RNG does have a great deal in common with the rewards casinos use (referred to as “comps” for “complementary”) to keep customers returning. Call it a dangling carrot if you will, but Bungie does want players to come back. Sometimes an expansion is enough, but all MMO models need something more basic between those expansions, and loot is the simplest way to keep players coming back.

Loot and bounties trigger something in our brain, often a sort of panic. If you’ve ever thought, “I should at least pick up today’s bounties,” or “I should at least play that daily story,” so you don’t miss out on loot or experience, then you’ve bitten the hook. I should know, as I’ve bitten that hook enough to be peppered with holes in the mouth.

destiny loot cave casino

But on the other hand, if RNG is Bungie’s equivalent of casino comps, then Bungie is really blowing it. Casinos have designed comps to be incremental, and you can be sure that regular gamblers understand when certain comps will be offered and what they must do to obtain them. It’s a far more dangerous system, as it locks players in a constant leveling-up mentality. “If I just spend this much more, even though I’m losing, I’ll win,” is the name of the game.

Destiny isn’t so kind. We lose all the time without significant wins in this game. And I believe that’s because, as my original premise states, RNG is not intended to be more than a bonus. If it were meant as a comp-esque system, then it would work better at minimizing player turnover. But we all know that burnout tends to set in and set in quickly.

I for one am grateful; I’d rather not spend the next few months working diligently for rewards that might be shiny, but end up robbing me of better experiences.

What It Means for Us

If this is true, and our problems with RNG lie more in us than in the system, what does it require?

First, it requires we change our desires or take a break until Destiny can fulfill them. Bungie is unlikely to completely alter the way drops are handled, which means we must do one or the other if our enjoyment of Destiny’s RNG-heavy-core is to survive. Sure, we could continue to grind through content – begrudging everything – in hopes of that Exotic drop. But why bother when we once found enjoyment elsewhere?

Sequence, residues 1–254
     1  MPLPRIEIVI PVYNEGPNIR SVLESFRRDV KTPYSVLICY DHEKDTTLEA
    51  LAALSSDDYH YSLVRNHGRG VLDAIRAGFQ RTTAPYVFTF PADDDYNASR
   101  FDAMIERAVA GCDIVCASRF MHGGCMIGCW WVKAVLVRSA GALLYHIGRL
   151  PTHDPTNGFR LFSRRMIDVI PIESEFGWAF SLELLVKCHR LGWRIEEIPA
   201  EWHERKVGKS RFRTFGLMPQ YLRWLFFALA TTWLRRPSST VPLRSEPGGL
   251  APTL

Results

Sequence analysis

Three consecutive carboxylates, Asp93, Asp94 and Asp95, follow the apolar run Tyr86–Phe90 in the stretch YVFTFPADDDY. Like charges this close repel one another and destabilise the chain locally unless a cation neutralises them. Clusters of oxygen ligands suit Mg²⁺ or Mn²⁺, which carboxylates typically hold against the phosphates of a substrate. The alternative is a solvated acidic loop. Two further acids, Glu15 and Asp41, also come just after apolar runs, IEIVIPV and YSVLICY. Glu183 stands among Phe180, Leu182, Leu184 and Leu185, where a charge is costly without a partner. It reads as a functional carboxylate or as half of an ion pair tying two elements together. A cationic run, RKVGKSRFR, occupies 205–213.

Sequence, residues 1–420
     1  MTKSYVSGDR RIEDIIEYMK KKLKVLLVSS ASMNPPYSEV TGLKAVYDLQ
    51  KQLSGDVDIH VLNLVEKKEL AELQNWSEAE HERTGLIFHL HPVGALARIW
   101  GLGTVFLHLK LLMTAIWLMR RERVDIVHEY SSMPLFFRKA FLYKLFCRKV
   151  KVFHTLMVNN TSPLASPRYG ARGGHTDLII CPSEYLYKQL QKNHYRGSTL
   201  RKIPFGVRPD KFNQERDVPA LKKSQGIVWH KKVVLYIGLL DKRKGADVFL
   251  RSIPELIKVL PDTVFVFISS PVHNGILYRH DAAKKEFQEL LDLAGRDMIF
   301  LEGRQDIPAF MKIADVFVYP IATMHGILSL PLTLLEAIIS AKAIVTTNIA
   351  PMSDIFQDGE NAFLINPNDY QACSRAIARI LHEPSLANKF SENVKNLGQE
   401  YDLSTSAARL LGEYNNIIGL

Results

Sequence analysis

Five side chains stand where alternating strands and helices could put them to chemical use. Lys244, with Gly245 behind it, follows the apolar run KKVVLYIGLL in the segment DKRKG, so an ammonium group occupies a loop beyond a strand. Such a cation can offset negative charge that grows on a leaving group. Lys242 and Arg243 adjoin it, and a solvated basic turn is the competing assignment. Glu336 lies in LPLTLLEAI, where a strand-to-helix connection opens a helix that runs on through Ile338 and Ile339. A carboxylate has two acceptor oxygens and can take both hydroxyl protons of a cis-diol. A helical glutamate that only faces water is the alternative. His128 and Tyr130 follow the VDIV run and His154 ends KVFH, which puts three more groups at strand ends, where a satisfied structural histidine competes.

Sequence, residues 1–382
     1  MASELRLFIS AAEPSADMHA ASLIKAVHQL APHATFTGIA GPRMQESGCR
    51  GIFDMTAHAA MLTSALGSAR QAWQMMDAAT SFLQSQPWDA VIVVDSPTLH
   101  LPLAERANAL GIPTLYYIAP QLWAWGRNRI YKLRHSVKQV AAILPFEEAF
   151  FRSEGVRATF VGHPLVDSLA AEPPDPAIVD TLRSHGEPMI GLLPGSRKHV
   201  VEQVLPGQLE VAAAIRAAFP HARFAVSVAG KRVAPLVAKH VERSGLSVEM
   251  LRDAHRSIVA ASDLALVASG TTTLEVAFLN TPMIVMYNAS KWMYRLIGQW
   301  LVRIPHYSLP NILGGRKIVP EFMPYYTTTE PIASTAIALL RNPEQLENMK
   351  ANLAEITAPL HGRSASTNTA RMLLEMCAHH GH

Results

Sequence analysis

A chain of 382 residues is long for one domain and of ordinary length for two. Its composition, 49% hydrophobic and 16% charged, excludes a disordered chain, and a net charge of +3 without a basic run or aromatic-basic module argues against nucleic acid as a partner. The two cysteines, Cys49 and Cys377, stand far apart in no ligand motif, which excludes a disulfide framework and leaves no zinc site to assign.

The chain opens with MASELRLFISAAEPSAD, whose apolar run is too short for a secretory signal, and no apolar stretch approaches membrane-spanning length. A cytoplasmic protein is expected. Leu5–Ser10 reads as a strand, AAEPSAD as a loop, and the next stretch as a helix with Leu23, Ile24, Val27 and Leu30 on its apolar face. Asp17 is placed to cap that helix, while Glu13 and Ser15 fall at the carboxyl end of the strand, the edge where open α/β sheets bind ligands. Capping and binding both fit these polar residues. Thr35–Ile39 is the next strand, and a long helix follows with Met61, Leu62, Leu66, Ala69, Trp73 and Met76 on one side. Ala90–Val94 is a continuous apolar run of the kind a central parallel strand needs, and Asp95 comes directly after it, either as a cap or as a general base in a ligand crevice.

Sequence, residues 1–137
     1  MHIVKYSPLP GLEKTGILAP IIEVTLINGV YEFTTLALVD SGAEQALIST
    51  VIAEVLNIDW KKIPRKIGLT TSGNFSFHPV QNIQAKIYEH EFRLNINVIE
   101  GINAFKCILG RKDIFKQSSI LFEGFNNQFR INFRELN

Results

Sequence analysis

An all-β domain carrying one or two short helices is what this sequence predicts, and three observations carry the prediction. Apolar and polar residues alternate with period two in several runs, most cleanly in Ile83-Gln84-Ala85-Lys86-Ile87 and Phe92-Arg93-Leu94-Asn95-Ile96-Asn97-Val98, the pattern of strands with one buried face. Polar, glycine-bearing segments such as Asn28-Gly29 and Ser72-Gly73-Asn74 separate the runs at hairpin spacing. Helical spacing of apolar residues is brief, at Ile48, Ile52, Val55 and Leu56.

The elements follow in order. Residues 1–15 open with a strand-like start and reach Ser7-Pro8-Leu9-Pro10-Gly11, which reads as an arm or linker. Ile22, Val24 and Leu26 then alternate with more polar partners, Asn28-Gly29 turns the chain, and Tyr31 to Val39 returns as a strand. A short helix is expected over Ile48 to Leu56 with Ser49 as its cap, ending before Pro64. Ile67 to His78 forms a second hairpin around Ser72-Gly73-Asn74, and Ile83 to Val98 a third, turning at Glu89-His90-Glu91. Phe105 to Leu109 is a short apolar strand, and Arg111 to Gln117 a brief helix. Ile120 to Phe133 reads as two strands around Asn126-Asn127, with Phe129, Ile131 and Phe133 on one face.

Second, it requires we treasure the things we have been afforded. Not everyone gets just the weapons you’ve gotten, and I bet there are many out there who would love to have them. Believe what you will, but no one behind Bungie’s curtain is wringing his fingers and saying, “Ah yes, let’s deny them Vision of Confluence once more!” And there are enough wonderful weapons out there that if you get any drops whatsoever, you’re bound to have something special on your hands. We owe it to ourselves to remember that.

Dark-Fenrir

Fan art by Dark-Fenrir

And finally, it requires we approach life with a bit more perspective. I don’t step back often enough and question the heart behind my actions, but RNG has forced me to do just that. Mostly because it makes me so irrationally angry.

I confess, I never set out on this article thinking about such lofty things, but that is the beauty of random – it comes when you least expect it.

So here’s to life being a little more random.

But let’s not kid ourselves, a Gjallarhorn would be nice too!

Renovating Crucible Rewards

We’ve all seen that Guardian with the 2 kills and 10 deaths acquire the best reward. Is that fair? Due to the randomness of it, yes. As much as we’d like to complain about it, the rewards are given out randomly, not based on performance.

The reason they’re not based on performance is to incentivize players to stay in the game, and it adds a bit of mystery to each match.

Should a skill-focused reward system be introduced – maybe just in the Iron Banner? How would it work?

Perhaps give players who do well a higher chance at receiving an item, while still keeping the same RNG system that’s currently in place. This way, players who don’t do well will still have the same opportunity to earn rewards as they do now, but exceptional players will have a slightly higher chance.

We discussed this more on our latest podcast as well, throwing out some ideas about better cosmetic rewards for the highest scorers.

PvE > PvP

When it comes to the amount of rewards, the Crucible loses every time. Destiny’s drop dilemma in the Crucible can’t be understated.

You must spend much more time in the Crucible to earn the same amount of Engrams that you could earn from a few ROC Strikes.

As mentioned above, Bungie is going to take a hard look at Crucible rewards.



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About Taylor Bair

I write about the intersection between the games we love and the lives we live. When I'm not working on websites and marketing projects, I'm writing with a hot cup of chai tea in one hand and a computer in the other. Makes typing exceedingly difficult, let me tell you.